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Kabul bans live coverage of Taliban attacks

Afghanistan's intelligence service has announced a ban on live media coverage of insurgent attacks, saying that such broadcasts bolster the cause of militants.
/ Source: news services

Afghanistan's intelligence service has announced a ban on live media coverage of insurgent attacks, saying that such broadcasts bolster the cause of militants.

Meanwhile, U.S. General Stanley McChrystal, the NATO commander in the country, visited Marjah in Helmand province, the town seized by U.S. Marines in the offensive, one of the biggest operations of the eight-year-old war.

He was joined by Afghan Vice President Karim Khalili and Helmand Governor Gulab Mangal, who met hundreds of local residents at a "shura", or traditional council meeting.

"The most important thing is to bring peace and stability to the people in Afghanistan. This is our priority. This is a promise," Khalili told the gathering.

Media ban
The government's media ban came three days after Taliban militants struck at hotels in the heart of Kabul with suicide attackers and a car bomb, killing 16 people — half of them foreigners — in an assault that showed the militants remain a potent force.

The National Directorate of Security told representatives of The Associated Press and other news organizations about the ban during individual meetings Monday at its heavily secured compound. It cited Article 7 of Afghanistan's national security law.

Saeed Ansari, a spokesman for the directorate, did not disclose specific details about how the ban would be imposed, but said there would be punitive measures taken against journalists who did not comply. He did not elaborate on what steps the directorate would take against news organizations if they violated the ban.

During the meeting, the AP argued that the ban would make it difficult to provide the public with up-to-date information about insurgent attacks in Afghanistan.

"We believe broad, pre-emptive bans on coverage are inconsistent with a democratic society," John Daniszewski, AP senior managing editor for international news, said in New York.

"Experience shows there are many ways to cover important breaking stories without interfering with police or security operations."

Ansari said there had been cases during the Friday attack when television footage from the scene provided insurgents with tactical information about the counterattack launched by Afghan security forces.

Ansari said that it was appropriate to wait for the end of an incident and a preliminary investigation before reporting anything at all.

'We will not accept it'
The head of the Afghan Independent Journalists Association, Rahimullah Samandar, said Tuesday that the informal nature of the request by Afghan officials shows that the government knows it cannot legally keep journalists from reporting on attacks or visiting the sites of incidents.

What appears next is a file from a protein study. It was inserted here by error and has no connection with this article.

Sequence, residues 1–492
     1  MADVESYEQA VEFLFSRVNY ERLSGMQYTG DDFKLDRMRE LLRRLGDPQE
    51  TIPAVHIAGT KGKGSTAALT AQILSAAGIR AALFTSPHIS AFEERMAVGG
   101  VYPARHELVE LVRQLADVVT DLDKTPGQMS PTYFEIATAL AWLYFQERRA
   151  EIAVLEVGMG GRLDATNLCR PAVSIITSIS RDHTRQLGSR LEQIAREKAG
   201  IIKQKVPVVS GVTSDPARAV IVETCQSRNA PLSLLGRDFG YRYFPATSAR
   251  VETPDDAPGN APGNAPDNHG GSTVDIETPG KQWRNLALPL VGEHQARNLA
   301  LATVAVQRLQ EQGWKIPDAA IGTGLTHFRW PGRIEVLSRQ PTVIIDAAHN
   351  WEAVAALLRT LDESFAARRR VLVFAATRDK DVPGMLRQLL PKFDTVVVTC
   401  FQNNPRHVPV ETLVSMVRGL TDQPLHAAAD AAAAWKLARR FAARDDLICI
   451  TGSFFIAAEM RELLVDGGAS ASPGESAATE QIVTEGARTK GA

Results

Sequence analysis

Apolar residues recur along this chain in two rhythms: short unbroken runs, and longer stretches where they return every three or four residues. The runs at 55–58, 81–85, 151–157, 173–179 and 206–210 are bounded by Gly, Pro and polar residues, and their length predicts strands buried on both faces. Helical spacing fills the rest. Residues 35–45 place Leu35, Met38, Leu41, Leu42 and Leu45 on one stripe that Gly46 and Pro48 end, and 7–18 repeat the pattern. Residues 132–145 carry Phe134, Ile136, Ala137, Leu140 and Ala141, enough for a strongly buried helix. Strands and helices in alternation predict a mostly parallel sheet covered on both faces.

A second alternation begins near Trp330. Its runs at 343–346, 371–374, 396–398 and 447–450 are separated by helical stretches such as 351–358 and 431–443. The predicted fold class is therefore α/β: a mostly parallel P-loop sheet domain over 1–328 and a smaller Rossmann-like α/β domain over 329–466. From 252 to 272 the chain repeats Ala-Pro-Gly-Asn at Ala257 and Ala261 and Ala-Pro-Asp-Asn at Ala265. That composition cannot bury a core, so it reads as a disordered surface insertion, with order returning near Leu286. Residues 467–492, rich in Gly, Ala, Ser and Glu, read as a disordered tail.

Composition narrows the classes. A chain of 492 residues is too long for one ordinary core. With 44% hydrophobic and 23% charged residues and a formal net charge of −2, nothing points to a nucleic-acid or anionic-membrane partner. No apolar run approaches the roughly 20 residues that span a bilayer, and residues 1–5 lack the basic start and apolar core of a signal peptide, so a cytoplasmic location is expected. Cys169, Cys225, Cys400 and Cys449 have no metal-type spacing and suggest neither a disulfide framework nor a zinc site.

"We have not received a written document or letter from the intelligence service," Samandar said. He said that Afghanistan's constitution protects journalists' right to decide what to cover and said he does not expect Afghan reporters to abide by the request.

"It is censorship of media coverage," Samandar said. "We will not accept it." He noted that the government's attempt to ban coverage of violence during last year's election was largely ignored without retribution.

"The majority of the media did not pay attention to this on election day and reported whatever they wanted," he said.

Samandar said he was planning to meet with intelligence officials Tuesday to get clarification on whether this was a requirement and if so, what actions they will take if reporters do not follow it.

Ajmal Samadi, a spokesman for Afghanistan Rights Monitor, a civil liberties group, said restricting freedom of expression is unsavory and contradicts international human rights laws and Afghanistan's constitution. "Unfortunately the international community has been silently watching the Karzai regime's undemocratic moves, which are not limited to the state control on media," Samadi said.

Last year, the Afghan government issued a similar directive, instructing journalists not to broadcast "any incidence of violence" during the hours of polling in the Aug. 20 presidential election and directing journalists to stay away from the scene of attacks until investigators could collect evidence.

The orders were not strictly enforced.

VIPs visit Marjah Not all were impressed by General McChrystal and vice president Khalili's statements during their visit to the Marjah shura.

"You promised not to use big weapons. Why was my house destroyed?" asked Abdul Kader, a white-bearded village elder, according to Reuters.

McChrystal told reporters the goal was to build a government in the area that villagers would embrace: "In the near term, they have to feel represented, they have to feel it's fair."

There could be 200-300 fighters left in the town "who were Taliban two weeks ago," McChrystal said. "Now, whether they still are is a personal choice for each of them. Some may become sleeper cells waiting for someone to tell them what to do. Some may just put the gun away and see what's going to happen."

Fighters have responded with attacks in other parts of the country, using roadside bombs and suicide attacks.

In the past week, the Taliban have carried out four big attacks killing at least 29 people and wounding scores more.